September 28, 2009

Ragtime at Portland Center Stage – the first week

This past Friday (9/25) was the opening performance of “Ragtime” at Portland Center Stage.  Although the actors have been rehearsing for over a month and the orchestra has now had a couple of full weeks, the public hadn’t had a chance to see the show until this weekend, so (as is always true) the show suddenly became a lot more real feeling as soon as there were paying audience members in the seats.

For both Grey Gardens and Ragtime, the orchestra has had a rather non-traditional placement in the theater.  Instead of being in the orchestra pit in front of the stage, the orchestra lives on what’s called the “slab,” which is behind the stage.  So, as an audience member, if you had X-ray vision and could see through the back wall of the set, you would be able to see into our space.  The instrumentalists’ backs would be towards you and Rick Lewis (our conductor) would be facing you.

Rick watches what is going on onstage from a small closed-circuit television in front of him.  The actors can see Rick’s conducting on a large monitor facing the stage mounted in the back of the theater (if you were watching the performance, you could turn around and see it from most seats in the house).  The instrumentalists also get to see what is going on onstage via a large monitor behind Rick.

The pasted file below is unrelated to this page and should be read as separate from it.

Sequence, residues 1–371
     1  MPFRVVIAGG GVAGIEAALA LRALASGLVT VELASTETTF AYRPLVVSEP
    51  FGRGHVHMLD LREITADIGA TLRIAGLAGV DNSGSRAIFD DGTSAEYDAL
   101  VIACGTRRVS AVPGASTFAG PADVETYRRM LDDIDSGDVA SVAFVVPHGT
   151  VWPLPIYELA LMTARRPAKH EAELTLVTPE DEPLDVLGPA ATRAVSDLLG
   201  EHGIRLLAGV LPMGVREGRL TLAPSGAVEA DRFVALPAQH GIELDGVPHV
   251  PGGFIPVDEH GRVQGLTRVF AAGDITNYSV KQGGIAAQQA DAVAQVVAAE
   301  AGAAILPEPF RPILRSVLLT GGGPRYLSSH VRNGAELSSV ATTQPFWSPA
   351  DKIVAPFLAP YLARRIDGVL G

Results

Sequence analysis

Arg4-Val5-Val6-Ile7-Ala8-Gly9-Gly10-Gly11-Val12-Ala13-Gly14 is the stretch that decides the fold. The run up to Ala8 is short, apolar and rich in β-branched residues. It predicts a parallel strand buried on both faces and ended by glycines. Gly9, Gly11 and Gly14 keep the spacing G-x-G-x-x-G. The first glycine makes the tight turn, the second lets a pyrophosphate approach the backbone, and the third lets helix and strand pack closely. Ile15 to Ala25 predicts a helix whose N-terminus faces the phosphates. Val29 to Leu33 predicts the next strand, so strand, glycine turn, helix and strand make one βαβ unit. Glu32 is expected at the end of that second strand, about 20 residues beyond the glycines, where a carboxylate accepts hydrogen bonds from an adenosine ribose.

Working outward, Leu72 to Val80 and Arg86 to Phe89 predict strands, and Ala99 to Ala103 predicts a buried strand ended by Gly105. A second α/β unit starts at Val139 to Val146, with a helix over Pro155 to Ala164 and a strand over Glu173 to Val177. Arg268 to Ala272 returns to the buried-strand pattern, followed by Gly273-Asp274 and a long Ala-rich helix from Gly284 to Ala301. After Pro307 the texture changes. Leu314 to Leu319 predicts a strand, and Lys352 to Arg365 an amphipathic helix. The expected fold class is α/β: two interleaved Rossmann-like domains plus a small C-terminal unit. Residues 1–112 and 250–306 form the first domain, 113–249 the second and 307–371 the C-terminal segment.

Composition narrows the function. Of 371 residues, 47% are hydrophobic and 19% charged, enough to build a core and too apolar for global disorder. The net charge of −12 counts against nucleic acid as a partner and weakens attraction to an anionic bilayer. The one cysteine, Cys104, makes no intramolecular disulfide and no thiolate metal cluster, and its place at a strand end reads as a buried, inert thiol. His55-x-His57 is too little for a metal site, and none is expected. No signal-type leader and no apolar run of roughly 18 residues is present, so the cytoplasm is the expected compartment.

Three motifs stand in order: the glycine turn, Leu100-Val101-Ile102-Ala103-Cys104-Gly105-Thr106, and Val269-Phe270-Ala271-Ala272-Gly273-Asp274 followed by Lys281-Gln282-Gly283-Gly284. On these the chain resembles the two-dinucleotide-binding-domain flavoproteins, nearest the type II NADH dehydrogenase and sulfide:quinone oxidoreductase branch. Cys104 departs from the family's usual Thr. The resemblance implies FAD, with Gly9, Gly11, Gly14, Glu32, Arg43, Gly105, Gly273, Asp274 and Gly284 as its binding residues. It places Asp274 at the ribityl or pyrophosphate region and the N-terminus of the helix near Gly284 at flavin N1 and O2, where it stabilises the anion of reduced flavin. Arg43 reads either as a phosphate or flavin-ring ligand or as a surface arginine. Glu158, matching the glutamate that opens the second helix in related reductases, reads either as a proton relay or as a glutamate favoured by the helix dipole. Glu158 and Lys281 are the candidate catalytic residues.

Of course, there’s also sound to deal with.  The singers are miked and played to the orchestra through monitor speakers in front of the instrumentalists, and vice versa.  The audience hears a mix of the two (singers and instrumentalists) through the house speakers (no, not Nancy Pelosi).  All of this is controlled by the wonderful sound crew at PCS.

These complicated logistics are really just to allow everything else (the playing, singing, acting, dancing, etc) to be presented to the audience in the best sounding and looking way.  This is important, because PCS cast some great onstage talent for the show.

The orchestra has some great talent as well.  It’s a challenging score for everyone involved, whether that means Clark Rust powering through the unrelenting high notes in the trumpet book or me having to deal with playing flute and piccolo without ever getting a break to play some saxophone!  But, according to the audience, we sound good doing it, and I think we’re getting better at it each night.

Ragtime runs through November 1st.  We perform eight shows a week (Tuesday through Sunday, matinees on Thursdays and alternating weekend days).  Hope to see you there.